The Valuation Office survey, often known as the Lloyd George Domesday, was created after the 1910 Finance Act and was a property tax which was aimed at raising funds for the Inland Revenue; the records are now at The National Archives, Kew – and are a hidden gem for property historians, mainly because they combine maps and field books to give intricate detail about the state of the built environment on the eve of the First World War. No piece of rateable land or property was exempt (though the records for some areas were never completed due to the intensification of hostilities after 1914, and others were destroyed by enemy bombing during the Second World War).
To locate a property you first need to identify the Ordnance Survey sheet that was a used as a key to the main survey documents, the field books. The National Archives has created a website where you can search for the right OS map (http://labs.nationalarchives.gov.uk/wordpress/index.php/2010/04/valuation-office-map-finder) – though for London you still have to use the old index maps in the map reading room. Once you have the TNA reference you’ll need to order the map at the archive. Each property is labeled with a hereditament number, which corresponds to an entry in the field books. The country was divided into valuation districts and income tax parishes. There are guides on the shelf in the reading room to help you determine which is the right one and once identified, you can order the appropriate field book from that district.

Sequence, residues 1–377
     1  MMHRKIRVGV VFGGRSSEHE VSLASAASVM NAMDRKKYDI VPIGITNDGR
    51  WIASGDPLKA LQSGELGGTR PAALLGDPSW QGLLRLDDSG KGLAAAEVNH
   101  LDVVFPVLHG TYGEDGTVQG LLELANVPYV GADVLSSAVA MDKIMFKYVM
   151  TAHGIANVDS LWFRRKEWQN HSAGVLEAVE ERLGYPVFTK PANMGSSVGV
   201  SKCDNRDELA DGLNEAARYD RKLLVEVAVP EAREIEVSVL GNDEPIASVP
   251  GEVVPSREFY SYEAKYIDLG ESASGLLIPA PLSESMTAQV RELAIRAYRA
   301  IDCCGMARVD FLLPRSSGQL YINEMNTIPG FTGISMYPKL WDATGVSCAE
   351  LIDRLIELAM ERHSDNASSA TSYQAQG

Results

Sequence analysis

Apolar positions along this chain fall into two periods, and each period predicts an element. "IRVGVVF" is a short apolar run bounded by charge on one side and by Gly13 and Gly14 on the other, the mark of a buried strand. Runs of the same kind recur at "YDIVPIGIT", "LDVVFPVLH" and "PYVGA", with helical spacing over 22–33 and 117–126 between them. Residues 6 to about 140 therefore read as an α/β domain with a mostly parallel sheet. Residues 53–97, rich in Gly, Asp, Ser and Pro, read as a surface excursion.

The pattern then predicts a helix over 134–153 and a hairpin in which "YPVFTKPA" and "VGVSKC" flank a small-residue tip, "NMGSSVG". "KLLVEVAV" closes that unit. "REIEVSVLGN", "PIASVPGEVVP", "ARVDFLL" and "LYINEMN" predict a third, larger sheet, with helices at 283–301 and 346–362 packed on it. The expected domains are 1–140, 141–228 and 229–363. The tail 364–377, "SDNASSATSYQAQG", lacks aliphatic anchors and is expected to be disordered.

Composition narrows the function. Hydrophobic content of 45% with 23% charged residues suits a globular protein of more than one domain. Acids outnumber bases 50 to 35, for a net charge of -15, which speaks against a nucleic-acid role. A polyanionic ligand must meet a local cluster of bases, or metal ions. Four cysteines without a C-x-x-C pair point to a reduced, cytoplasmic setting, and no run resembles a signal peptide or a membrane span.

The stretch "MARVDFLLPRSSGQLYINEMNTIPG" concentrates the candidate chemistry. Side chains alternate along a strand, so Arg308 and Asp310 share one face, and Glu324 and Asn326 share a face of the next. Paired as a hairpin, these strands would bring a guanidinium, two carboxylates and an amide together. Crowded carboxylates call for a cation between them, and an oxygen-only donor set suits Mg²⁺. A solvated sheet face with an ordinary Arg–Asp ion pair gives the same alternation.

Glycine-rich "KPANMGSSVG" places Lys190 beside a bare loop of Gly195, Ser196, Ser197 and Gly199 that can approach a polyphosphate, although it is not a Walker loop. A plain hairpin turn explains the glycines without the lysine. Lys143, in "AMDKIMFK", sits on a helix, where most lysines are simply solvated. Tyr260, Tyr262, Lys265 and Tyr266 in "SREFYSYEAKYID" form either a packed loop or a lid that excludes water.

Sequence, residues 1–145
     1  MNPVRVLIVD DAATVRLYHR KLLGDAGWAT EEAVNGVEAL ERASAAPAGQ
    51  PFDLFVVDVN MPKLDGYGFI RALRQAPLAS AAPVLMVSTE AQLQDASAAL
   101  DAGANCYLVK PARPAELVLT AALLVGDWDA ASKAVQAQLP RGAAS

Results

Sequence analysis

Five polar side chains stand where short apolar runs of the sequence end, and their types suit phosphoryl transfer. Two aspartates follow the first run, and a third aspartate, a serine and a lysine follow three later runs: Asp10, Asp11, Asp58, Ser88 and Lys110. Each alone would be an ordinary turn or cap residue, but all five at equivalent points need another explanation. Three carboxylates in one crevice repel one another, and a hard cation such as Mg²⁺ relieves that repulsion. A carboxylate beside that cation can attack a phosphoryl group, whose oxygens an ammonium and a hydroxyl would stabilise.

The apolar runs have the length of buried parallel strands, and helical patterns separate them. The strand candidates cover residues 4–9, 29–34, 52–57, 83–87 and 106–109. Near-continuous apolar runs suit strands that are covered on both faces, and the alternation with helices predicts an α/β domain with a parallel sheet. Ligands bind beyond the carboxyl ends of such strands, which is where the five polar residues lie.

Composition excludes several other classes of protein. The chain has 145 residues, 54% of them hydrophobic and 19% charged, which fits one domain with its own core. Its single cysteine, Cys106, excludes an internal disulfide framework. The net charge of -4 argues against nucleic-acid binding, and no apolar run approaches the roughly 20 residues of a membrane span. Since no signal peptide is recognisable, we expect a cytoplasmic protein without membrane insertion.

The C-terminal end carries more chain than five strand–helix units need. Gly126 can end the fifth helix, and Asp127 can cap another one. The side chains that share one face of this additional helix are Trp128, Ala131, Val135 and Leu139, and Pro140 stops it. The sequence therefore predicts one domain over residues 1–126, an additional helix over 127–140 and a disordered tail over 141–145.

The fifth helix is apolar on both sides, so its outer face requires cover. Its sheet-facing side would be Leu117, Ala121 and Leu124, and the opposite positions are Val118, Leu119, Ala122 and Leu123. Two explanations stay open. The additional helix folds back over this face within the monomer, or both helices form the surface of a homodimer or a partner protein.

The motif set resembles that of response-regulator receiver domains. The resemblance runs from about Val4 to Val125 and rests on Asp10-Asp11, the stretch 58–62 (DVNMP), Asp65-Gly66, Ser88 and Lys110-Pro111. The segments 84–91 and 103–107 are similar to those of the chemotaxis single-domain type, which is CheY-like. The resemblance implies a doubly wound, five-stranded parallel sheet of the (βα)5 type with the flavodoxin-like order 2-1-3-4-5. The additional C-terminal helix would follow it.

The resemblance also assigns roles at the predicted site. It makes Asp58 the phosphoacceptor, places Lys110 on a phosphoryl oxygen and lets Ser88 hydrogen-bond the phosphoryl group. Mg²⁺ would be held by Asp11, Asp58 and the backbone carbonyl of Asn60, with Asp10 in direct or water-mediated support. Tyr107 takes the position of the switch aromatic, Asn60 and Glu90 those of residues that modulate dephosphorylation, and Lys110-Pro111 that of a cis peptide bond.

Once you’ve got the right field book you’ll find out the names of the owners, occupiers, extent of the land or property, its market and ratable value, dates of former sales, a brief description and even a sketch map of outbuildings – making it a good way of examining site use and the location of former structures which may not now stand. From a two-up, two-down in Preston to a stately home standing in acres of farmland, most properties are included. Furthermore, the date of the survey allows you to link into a range of other key datasets, such as the 1911 census, thus giving a unique window into the social and historical context of the time.